Illustration for article titled Rust Yourself To Reformist

Online translation tools are wonderful resources that help people to, if not perfectly, at least make a passable attempt at either understanding a message or communicating a message in another language. They’re mainly intended for study, research, and quick one-off jobs where quality does not matter. They’re definitely not intended to replace professional translation services, and definitely not intended to allow packaging designers to cheapen out on copy writing and end up making a trusted and venerable institution like Rust-Oleum look like a lazy purveyor of cheap tat to the same population that you’re trying to reach with said translation.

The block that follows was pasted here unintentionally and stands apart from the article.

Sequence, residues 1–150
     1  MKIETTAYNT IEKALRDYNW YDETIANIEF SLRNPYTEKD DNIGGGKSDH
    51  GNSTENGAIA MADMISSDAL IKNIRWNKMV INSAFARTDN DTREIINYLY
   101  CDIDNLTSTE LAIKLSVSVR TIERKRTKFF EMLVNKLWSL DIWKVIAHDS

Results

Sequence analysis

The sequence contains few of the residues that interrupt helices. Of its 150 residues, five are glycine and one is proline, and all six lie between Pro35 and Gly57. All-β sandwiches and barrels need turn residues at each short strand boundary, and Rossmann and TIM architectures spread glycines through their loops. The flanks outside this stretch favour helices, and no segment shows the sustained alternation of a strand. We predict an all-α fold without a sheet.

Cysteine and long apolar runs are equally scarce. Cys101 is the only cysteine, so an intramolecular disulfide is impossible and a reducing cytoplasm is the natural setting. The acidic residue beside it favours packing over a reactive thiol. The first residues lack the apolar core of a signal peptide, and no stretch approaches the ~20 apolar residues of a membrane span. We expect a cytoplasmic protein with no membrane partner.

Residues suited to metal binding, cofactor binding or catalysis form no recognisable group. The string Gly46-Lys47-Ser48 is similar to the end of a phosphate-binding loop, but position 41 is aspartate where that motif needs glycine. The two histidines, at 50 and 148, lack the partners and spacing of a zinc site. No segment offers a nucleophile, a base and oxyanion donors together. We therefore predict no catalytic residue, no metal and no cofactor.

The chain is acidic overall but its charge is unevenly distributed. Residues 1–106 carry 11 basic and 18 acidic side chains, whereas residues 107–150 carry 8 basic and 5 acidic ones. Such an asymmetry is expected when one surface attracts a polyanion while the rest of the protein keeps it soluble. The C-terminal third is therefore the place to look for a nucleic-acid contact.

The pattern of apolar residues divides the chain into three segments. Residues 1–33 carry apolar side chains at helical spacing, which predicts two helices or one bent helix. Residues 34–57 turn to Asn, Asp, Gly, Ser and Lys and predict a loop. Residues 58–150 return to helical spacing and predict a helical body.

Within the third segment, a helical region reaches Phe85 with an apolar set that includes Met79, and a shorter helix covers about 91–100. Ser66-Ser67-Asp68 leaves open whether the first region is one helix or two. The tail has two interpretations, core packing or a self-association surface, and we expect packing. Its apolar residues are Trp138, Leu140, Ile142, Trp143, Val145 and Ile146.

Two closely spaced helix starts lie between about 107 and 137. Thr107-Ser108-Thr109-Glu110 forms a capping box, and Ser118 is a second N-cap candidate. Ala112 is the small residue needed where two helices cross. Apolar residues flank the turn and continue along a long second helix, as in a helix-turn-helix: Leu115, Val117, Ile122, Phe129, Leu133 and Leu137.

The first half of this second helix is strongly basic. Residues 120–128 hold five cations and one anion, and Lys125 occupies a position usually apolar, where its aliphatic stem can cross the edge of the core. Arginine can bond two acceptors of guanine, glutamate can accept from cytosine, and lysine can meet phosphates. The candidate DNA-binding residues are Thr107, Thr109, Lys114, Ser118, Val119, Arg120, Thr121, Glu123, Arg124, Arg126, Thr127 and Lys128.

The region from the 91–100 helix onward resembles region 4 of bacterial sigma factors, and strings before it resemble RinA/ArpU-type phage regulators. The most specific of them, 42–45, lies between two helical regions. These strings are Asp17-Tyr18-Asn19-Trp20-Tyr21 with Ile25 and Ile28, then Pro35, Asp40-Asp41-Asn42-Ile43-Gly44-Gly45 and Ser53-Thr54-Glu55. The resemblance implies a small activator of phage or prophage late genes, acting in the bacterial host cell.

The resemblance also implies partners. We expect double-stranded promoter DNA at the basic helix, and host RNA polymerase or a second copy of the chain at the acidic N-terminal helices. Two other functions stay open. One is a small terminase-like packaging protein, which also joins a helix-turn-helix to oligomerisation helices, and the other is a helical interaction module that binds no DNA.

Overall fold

Take this can of rust reformer for example. The name of the product is obviously written in the indicative mood, telling us that the product reforms rust. This should’ve been translated to “reformador de oxidación”, keeping the indicative mood and the adjectival phrase in the correct grammatical position. The translation software, though, read “rust” as a verb, assumed an imperative mood, and because imperatives are always addressed to the second person, conjugated it to second person singular and then appended a reflective pronoun, ending up with “oxídese,” literally telling the reader to rust herself.

The translation of “reformer” is even worse. Here we have a verb-derived noun in the nominative case with a Latin root that takes zero effort to translate to Spanish. Instead, it got translated into the objective case, and the -er ending changed to the -ist ending, which means the same in English and Spanish.


If you do product package design, please dont skimp on translation. You'll just look stupid.

Share This Story

Get our newsletter